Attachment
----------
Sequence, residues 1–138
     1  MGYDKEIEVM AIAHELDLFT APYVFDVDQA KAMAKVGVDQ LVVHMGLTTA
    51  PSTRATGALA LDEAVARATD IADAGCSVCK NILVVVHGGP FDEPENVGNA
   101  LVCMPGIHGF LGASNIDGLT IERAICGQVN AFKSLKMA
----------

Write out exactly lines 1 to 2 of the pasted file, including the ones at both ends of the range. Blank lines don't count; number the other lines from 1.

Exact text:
Sequence, residues 1–138
     1  MGYDKEIEVM AIAHELDLFT APYVFDVDQA KAMAKVGVDQ LVVHMGLTTA